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Lipid Lowering Therapy to Modify Plaque Microstructures: Insights from Optical Coherence Tomography Imaging

View Article: PubMed Central - PubMed

ABSTRACT

Due to the pandemics of obesity and diabetes mellitus, especially in the Western countries, atherosclerotic cardiovascular disease (ASCVD) has become a major health burden and is expected to increase in the future. Modifying lipid targets, especially low-density lipoprotein cholesterol (LDL-C) level, has become the first-line therapy for primary and secondary prevention of ASCVD. Intravascular imaging modalities have contributed to elucidating clinical efficacy of lipid lowering therapy on atherosclerotic plaques. Optical coherence tomography (OCT) is a high-resolution imaging tool enables visualization of plaque microstructures associated with its instability. This modality has demonstrated favorable changes in plaque microstructures under lowering LDL-C level. In addition, clinical studies using OCT have suggested potential association of other lipid targets, including triglyceride and high-density lipoprotein cholesterol with plaque microstructures. Given continuing cardiovascular risks despite statin therapy, OCT will be an important imaging modality to evaluate novel therapeutic approaches that potentially modulates plaque instability.

No MeSH data available.


Related in: MedlinePlus

Fibrous Cap Thickness, Lipid Arc, and Intensity of Statin
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Figure 1: Fibrous Cap Thickness, Lipid Arc, and Intensity of Statin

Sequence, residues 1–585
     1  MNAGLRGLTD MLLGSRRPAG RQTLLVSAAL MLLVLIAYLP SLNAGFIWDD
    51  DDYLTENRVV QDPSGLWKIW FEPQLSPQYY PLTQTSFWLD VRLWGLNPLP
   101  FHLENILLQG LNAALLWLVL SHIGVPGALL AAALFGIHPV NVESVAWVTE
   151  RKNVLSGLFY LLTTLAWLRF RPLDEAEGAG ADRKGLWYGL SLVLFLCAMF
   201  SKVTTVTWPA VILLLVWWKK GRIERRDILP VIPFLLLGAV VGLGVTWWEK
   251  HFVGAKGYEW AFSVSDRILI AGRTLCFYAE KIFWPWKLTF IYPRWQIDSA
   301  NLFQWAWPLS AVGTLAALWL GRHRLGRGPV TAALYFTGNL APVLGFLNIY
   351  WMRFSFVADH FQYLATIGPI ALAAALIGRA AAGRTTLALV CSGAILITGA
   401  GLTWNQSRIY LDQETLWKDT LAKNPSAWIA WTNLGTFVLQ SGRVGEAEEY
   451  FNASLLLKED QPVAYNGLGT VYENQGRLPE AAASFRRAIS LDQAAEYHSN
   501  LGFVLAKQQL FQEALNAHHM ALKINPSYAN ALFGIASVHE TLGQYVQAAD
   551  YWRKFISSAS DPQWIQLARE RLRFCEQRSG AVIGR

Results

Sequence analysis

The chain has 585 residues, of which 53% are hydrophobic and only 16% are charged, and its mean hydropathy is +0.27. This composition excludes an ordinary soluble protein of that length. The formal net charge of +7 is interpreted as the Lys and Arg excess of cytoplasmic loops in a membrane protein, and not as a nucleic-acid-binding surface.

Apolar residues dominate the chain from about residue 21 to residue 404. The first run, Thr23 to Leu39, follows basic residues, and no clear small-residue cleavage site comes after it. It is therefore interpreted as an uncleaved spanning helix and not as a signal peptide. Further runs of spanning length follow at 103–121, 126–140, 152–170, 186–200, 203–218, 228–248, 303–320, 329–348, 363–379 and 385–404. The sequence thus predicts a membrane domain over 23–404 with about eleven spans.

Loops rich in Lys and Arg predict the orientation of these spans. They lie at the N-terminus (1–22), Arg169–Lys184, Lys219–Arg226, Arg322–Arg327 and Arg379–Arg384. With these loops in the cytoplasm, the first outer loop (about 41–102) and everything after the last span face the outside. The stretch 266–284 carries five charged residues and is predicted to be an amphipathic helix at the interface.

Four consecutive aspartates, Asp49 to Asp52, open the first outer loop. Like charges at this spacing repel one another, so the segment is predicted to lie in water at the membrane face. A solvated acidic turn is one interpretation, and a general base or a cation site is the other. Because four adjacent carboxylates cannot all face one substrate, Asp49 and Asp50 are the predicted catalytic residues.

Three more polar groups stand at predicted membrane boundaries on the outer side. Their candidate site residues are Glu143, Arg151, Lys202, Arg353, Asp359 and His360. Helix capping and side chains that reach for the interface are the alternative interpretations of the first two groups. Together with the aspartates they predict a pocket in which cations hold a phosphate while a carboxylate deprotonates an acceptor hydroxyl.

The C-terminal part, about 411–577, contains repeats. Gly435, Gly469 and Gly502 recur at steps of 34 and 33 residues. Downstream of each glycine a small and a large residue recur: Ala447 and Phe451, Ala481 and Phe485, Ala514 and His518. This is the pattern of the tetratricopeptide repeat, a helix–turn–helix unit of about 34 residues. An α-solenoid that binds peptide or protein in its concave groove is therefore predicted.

Mentions: 1) Statin: Plaque microstructures at non-culprit lesions under low- and high-dose statin were investigated in 275 patients with stable CAD who required percutaneous coronary intervention.29) (Fig. 1). Achieved LDL-C levels were 103.1 ± 37.9, 96.3 ± 40.7, and 80.5 ± 31.2 mg/dl in no statin, low-dose, and high-dose statin groups, respectively. Compared to subjects who did not take a statin, thicker fibrous cap (p = 0.01) and smaller lipid arc (p = 0.03) were observed in association with dose of statins. In addition, patients receiving a statin were more likely to exhibit a lower frequency of thin-cap fibroatheroma (p < 0.001) and vaso vasorum (p = 0.01). These favorable features were more frequently observed in subjects under high-dose statin who achieved the lowest LDL-C level. The EASY-FIT (Effect of Atorvastatin therapy on fibrous cap thickness in coronary atherosclerotic plaque assessed by optical coherence tomography) trial compared the efficacy of 20 mg and 5 mg atorvastatin on OCT-derived plaque microstructures in 70 patients with unstable angina pectoris.30) (Table 1). On-treatment LDL-C level was significantly lower in 20 mg atorvastatin group [69 mg/dl (interquartile range: 61–80) vs. 78 mg/dl (interquartile range: 66–108), p = 0.03]. On serial evaluation, 20 mg atorvastatin use was associated with greater increase in fibrous cap thickness [69% (interquartile range: 25–104) vs. 17% (interquartile range: −1–34), p < 0.001]. Furthermore, more favorable changes in lipid arc [−27% (interquartile range: from −37 to −20) vs. −8% (interquartile range: −13 to −4), p < 0.001] and macrophage grade [−38% (interquartile range: −44 to −31) vs. −24% (interquartile range: −33–0), p < 0.001] were also observed in patients receiving 20 mg atorvastatin. Biomarkers associated with fibrous cap thickness included percent change in LDL-C (R = −0.450, p < 0.001), malondialdehyde-modified low-density lipoprotein (R = −0.283, p = 0.029), high-sensitivity c-reactive protein (R = −0.276, p < 0.001), and matrix metalloproteinase-9 (R = −0.502, p < 0.001) levels.30).